4 Ways To Land A Perfect Job Interview
I’m assuming that you’ve landed an interview. Hoorah! Congratulations. Now, the next stop: Don’t screw it up.
I want to give you a quick and easy way to get started preparing for your job interview, and of course, that begins with learning how to answer the most common tips to achieve a perfect job interview.
Making a great first impression and establishing a real connection is everything. Smile, make eye contact, be enthusiastic, sit forward in your chair, and greet the interviewer by his /her name. Of course, more importantly, be the best version of yourself. We all want to work with people we like and whom we get along with. Use your charm and your manners as an advantage.
Ask questions about what really matters to you
Focus on making sure that the job is your priority: Who you will work with, who you will report to, the scope of responsibilities, etc. Interviews should always be conversational, and interviewers respond positively to people as eager as they are to find the right fit. Plus, there's really no other way to know you want the job. And don't be afraid to ask several questions.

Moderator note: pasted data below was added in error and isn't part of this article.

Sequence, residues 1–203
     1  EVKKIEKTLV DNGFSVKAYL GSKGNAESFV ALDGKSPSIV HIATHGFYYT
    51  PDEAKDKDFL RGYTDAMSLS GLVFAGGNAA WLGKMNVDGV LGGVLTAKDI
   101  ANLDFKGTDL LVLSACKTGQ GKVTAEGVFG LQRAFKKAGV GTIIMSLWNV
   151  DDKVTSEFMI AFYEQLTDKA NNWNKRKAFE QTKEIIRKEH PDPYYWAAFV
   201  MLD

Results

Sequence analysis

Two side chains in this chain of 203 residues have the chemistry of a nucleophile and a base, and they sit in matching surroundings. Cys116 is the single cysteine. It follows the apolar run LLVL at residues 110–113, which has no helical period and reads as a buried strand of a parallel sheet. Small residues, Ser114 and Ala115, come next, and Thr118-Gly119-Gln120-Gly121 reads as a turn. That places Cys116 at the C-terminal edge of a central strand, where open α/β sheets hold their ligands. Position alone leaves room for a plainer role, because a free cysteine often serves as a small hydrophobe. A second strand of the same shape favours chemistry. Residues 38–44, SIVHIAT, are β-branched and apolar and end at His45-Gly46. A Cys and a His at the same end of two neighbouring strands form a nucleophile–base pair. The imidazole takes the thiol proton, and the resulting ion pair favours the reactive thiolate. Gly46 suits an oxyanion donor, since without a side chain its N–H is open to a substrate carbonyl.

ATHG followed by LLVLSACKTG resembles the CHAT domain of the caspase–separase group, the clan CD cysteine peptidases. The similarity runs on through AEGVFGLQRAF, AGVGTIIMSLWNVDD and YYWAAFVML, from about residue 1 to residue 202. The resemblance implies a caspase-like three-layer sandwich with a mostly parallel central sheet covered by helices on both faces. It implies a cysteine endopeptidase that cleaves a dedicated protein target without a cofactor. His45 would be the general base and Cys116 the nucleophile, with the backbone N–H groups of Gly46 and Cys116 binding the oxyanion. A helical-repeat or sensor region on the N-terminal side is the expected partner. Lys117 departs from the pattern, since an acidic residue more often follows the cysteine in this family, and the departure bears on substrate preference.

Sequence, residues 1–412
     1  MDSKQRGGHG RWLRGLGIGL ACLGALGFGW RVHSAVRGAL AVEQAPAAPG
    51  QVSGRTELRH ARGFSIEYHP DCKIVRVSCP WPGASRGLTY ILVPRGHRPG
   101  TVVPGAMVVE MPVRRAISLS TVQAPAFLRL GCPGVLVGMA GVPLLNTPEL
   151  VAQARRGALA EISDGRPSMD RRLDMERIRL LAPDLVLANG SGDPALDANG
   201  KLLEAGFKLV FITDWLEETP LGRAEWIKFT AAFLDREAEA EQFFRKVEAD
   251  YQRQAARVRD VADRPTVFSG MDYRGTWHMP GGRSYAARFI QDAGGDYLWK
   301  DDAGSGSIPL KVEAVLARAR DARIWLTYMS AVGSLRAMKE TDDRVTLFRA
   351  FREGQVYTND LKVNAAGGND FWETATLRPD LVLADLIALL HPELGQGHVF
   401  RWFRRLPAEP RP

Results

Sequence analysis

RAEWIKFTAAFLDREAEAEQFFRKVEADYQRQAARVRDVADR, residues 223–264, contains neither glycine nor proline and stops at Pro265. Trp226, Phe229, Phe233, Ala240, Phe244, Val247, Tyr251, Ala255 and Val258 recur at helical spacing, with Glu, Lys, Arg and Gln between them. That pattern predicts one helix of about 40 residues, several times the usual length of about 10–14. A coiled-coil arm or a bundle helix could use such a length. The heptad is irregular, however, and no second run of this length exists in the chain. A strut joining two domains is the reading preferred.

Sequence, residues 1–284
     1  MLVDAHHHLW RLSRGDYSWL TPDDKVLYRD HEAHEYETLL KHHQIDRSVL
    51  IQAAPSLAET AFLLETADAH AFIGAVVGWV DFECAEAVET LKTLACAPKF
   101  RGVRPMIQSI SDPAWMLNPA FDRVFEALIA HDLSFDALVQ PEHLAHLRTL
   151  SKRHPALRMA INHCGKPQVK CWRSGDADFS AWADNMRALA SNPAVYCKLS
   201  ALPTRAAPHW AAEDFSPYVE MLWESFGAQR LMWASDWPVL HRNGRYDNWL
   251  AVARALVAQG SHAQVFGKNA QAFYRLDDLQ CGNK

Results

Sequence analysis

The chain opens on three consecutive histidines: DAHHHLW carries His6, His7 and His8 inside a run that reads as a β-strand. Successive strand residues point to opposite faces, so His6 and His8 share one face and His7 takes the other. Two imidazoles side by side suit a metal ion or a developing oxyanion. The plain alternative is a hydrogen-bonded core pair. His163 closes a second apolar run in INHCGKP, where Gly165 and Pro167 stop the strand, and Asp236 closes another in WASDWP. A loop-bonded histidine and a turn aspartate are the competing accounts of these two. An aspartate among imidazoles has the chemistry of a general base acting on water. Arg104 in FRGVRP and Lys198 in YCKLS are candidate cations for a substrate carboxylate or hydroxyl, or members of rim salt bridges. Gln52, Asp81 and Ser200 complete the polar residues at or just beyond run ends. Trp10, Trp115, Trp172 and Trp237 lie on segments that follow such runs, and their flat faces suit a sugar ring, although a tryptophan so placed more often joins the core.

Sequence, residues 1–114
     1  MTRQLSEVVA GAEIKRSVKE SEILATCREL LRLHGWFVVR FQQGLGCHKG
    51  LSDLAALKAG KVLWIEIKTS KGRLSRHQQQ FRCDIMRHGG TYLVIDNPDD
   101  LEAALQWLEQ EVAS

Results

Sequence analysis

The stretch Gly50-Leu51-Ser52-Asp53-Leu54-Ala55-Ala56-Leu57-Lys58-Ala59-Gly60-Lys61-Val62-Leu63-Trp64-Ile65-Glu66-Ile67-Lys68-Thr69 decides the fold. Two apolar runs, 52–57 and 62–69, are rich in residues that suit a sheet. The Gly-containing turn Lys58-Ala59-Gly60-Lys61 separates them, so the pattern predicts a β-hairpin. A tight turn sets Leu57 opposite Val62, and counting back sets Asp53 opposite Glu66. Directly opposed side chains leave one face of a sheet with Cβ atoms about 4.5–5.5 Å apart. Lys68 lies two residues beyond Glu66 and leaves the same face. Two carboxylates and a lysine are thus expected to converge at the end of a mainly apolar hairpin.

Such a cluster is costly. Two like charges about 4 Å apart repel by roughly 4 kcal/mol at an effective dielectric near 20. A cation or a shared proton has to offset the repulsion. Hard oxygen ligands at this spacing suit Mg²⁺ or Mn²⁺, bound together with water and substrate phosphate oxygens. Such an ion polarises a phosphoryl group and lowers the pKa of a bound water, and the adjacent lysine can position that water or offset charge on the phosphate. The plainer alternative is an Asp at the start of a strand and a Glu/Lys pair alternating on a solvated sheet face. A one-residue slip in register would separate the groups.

Make sure to leave a mark
A sad truth of interviewing is that later on the interviewers often don't remember anything about you -- especially if we've interviewed a number of candidates for the same position. Sometimes you may be identified by ‘hooks’ so use that to your advantage. Your hook could be a unique outfit, or an unusual fact about your upbringing or career. Hooks make you memorable and create an anchor for interviewers to remember you by -- and being memorable results to a positive feedback.
Know what you can offer immediately
Researching the company is a given; go a step farther and find a way you can contribute to a critical area. If you have a specific technical skill, show how it can be used as a company advantage. But don't say, for example, "I would love to be in charge of managing your social media marketing." One, that's fairly presumptuous, and two, someone else might be already in charge. Instead, share details regarding your skills and say you would love to work with that team. If there is no team, great -- you may be put in charge. If there is a team you haven't stepped on any toes or come across as pushy. Just think about what makes you special and show the benefits to the company. The interviewer will be smart enough to recognize how the project you bring can be used.
Reinforce a connection with your follow-up. Email follow-ups are fine; handwritten notes are better; following up based on something you learned during the interview is best: An email including additional information you were asked to provide, or a link to a subject you discussed (whether business or personal.) The better the interview -- and more closely you listened -- the easier it will be to think of ways you can make following up seem natural and unforced. And make sure you say thanks -- never underestimate the power of gratitude.